My grandma is taking my cousin Stella to Disney World for her Sweet Sixteen. Stella doesn’t even want to go. Stella and I look a little bit alike, but she’s taller and bigger than me. She’s tall and plain with brown hair and brown eyes. I’m small and plain with brown hair and green eyes. If I put on mascara and do my hair, I can look pretty. Stella doesn’t like makeup and purses and stuff like that. She reads all the time. When she comes to my house, she just picks up a magazine. She won’t talk. She doesn’t like me. She thinks I’m dumb.

When I asked my grandma if she’s going to take me to Disney World when I turn sixteen, she said my mom and dad can probably take me. She says they can do it if they really want to. Stella doesn’t have a dad because he left when my Aunt Krista was pregnant. My Aunt Krista lives in an apartment with Stella and she works as a nurse’s aide. Sometimes Aunt Krista asks my mom for money and my mom tries to give it to her on the sly. But when my dad finds out about it, he yells at my mom and says that’s why she has to work all the time and she shouldn’t complain if she’s just going to give all her money away.

I think my mom just likes to complain. She loves making money. She loves rubbing people’s feet and talking to them about their pores. Most of all, she loves the gossip, attention, and her Coach purse. When I asked her to get me one, she said when I’m older. She complains so no one thinks she’s having too much fun.

Once she got into a fight with my grandma because she was going to hire a housekeeper. My grandma told her she was spoiled and she ought to clean her own house. My mom said she didn’t have time. My grandma said, “You have plenty.”

But I’m not going to be like my mom. That’s what Kylie doesn’t understand. One time last year I wore a pair of skinny jeans from Hollister with a flannel shirt, a scarf, ballet flats and big sunglasses just like Maya Kenning and her crew wear every day. Maya didn’t like my new “look” and she got one of her friends to write “poser” on my locker. I don’t want attention. I’m not like my mom. I’m like Stella. And I don’t want to go to Disney World, either.

The ghosts

Sara walked in to see Tom serving noodles, bologna sandwiches and fruit to Hailey and Kyle, who were seated in front of the television. Tom avoided eye contact with Sara as he made his way back into the kitchen, where he began dishing out a bowl of the venison stew he had prepared for himself in the crockpot the day before. Sara didn’t care much for venison.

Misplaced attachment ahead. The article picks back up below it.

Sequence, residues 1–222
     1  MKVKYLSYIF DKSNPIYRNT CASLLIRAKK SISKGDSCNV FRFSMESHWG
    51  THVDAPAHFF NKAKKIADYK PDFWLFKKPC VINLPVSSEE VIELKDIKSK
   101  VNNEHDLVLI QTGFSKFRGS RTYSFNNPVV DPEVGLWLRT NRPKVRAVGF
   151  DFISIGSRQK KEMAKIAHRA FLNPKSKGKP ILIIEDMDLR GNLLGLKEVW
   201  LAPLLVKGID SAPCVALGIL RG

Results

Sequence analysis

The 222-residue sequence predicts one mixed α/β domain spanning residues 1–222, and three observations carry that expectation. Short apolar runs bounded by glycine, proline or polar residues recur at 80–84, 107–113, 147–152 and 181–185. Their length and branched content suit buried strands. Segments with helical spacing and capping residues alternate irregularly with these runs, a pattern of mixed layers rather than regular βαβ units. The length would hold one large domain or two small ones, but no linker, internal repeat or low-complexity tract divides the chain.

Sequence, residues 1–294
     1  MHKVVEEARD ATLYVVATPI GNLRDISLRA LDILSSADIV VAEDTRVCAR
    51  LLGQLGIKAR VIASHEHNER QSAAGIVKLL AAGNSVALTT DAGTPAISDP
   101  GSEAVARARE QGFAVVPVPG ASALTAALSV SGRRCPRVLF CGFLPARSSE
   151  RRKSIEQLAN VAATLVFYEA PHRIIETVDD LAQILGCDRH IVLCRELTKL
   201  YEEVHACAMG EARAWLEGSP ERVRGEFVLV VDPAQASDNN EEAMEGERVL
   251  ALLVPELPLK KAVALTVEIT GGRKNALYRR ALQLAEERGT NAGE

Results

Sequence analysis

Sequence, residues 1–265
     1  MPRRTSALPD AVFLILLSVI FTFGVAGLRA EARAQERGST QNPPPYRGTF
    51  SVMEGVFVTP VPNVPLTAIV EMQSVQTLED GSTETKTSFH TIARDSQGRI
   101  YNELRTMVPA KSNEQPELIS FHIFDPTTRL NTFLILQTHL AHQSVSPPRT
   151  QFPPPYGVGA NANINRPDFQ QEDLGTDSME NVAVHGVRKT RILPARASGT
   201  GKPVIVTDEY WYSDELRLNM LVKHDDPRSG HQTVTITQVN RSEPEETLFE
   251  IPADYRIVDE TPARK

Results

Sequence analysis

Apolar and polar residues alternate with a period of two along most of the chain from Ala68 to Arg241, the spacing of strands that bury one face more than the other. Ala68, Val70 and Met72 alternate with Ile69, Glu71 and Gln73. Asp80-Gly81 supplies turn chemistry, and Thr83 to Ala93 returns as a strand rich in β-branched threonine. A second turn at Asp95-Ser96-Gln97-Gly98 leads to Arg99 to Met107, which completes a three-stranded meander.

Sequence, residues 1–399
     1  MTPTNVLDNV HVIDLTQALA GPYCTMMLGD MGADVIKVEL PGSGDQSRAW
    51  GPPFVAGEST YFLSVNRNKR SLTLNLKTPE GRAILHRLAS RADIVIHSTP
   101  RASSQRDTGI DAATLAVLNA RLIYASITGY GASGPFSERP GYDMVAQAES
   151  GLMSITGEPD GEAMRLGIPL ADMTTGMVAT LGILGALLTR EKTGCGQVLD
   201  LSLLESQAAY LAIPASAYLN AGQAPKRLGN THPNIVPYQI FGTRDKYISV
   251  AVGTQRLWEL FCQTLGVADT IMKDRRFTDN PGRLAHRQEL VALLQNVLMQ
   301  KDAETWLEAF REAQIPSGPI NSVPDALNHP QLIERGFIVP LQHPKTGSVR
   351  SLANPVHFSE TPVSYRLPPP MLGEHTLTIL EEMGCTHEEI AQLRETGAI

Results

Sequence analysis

It was the end of the grading period at Tom’s school. Tom was always insufferable at the end of a grading period, when half of the teachers were inevitably running behind, despite thinly veiled reminders issued daily during afternoon intercom announcements about report cards.

 “How was your day?” Tom asked as he sat at the table and began eating the stew.

“Boring,” Sara said, carving off a slice of the dairy-free carrot cake she had prepared over the weekend with tofu cream cheese icing. It wasn’t as good as real cream cheese, but Hailey was allergic dairy products, so Sara had improvised. Sara thought how it would be a neat experiment to see how many days she could go without eating a hot meal.

 “Mr. Preineke is getting remarried,” Tom said.

“Wow,” said Sara. “That was fast.”

Their neighbor, Mrs. Preineke, had died a year earlier.

“He must be one of those men who needs a woman to validate his existence,” Tom said.

“Not like you?” Sara asked.

“No,” Tom said, dropping his spoon into the bowl with a resounding clink. He got up and carried his dishes to the counter.

In the other room, Hailey and Kyle were fighting over what to watch next on TV. Tonight was a bath night. Sara hated bath nights, but because it was the end of the grading period, and because she had an energy reserve stored up from sitting in meetings all day, not really paying attention to much of what was said, she planned to execute the procedure alone, allowing Tom some much-needed down time.

Kyle was first. Sara filled the tub with water and helped him out of his clothing. “Wait,” Kyle exclaimed before sitting down in the water. “I need my Scooby Doo towel.”

“What?” Sara asked.

“My Scooby Doo towel. I won it at school. When you put it in water it turns into a towel.”

“Where is it?” Sara asked.